Budget is the tightest in decades
Summit County’s longtime auditor on Tuesday said the county government faces its tightest financial situation in decades, a scenario that he said will force cuts in spending and complicate the upcoming budget negotiations.
"This is the worst that we have seen the budget in 22 years. It’s the worst we’ve seen it simply because of the developments that are on standby," Summit County Auditor Blake Frazier said in a telephone interview. "There is nobody building homes and there are no commercial businesses. Contractors, builders and those types of people, at this point in time, are really struggling and that’s going to stay probably for another year."
Budget talks in Coalville began Monday and County Commissioner Bob Richer insists he will not vote to increase taxes in 2009.
"There is more of a concern as to what the winter season holds for all of us in terms of sales-tax revenues," Richer said in an interview. "We’ve asked our departments to cut back and we’ve instituted a freeze on our hiring. Hopefully we don’t have to increase taxes at any point in the future and hopefully if there is a downturn it will be short-lived."
Community Development Director Don Sargent said he will not consider filling the vacant planning director post in his office until 2010.
"We’re off two positions," Sargent said.
And next year Summit County will likely hire no new employees.
"We have asked all departments to cut just as much as they can cut out of their budgets," Frazier said.
But all county employees will receive a slight raise based on cost of living, he added.
"The ’09 budget will probably come in right about $46.5 million," Frazier said. "That’s what we’re projecting revenues to be."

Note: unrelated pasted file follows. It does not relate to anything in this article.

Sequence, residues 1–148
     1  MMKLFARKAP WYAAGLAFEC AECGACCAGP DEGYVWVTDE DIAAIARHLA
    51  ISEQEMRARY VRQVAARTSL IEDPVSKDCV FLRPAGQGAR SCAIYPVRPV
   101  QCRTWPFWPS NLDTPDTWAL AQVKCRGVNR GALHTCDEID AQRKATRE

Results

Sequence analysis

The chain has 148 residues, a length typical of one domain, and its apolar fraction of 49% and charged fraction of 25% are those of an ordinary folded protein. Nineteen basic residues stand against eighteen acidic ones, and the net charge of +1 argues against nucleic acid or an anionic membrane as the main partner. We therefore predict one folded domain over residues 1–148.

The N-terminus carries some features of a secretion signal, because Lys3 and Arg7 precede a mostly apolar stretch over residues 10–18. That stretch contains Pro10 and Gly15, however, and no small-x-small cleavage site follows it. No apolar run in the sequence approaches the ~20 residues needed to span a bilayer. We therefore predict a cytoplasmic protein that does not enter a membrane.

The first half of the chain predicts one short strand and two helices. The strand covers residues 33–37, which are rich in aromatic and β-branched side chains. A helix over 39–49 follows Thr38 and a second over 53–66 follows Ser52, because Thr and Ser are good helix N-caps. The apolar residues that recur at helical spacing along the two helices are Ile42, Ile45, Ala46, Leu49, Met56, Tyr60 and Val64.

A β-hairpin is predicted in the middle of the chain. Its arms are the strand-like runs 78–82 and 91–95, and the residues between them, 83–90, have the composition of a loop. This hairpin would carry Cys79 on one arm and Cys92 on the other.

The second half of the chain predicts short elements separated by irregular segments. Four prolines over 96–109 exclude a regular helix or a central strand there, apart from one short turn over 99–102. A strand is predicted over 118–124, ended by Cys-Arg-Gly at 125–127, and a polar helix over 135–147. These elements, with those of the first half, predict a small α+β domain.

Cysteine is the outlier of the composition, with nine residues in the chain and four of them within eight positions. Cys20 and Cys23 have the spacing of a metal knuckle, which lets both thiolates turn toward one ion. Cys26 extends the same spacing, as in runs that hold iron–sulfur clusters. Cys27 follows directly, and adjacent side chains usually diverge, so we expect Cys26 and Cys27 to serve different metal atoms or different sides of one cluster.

The budget for 2008 was about $51 million, which included the $8 million realignment of Landmark Drive, he explained.
"We cut a lot of travel and training, and if there were programs that were going to start in ’09, some of them have been delayed," Frazier said, adding that some department heads will do without new equipment. "We’re also looking currently at take-home vehicles and we’re going to have to reassess that because it is a big expense."
Many county employees commute to work in vehicles owned by taxpayers, he said.
"I don’t see any reason to have a take-home vehicle unless it is for an essential service," Summit County Treasurer Glen Thompson said Tuesday.
The county allows Sheriff’s Office deputies to take patrol cruisers home at night so they can be available to respond quickly in an emergency.
But the use of take-home vehicles by other departments should be scrutinized, Thompson said.
"It is important to the taxpayer that we take a hard look at that each year to know whether it’s really needed or not," Thompson said.
Meanwhile, revenues from sales and property taxes in the county are holding steady as the national economy dips into recession, Frazier said.
"Our sales tax hasn’t dipped like the Wasatch Front," Frazier said. "I think you’re seeing more people staying in Summit County shopping than going to the Wasatch Front because of the price of gas."
The economy in Summit County also has not seen a spike in unemployment, Frazier said.
"The things that have really decreased are areas tied to the building industry," Frazier said. "It’s a show of what could happen and we better take heed."
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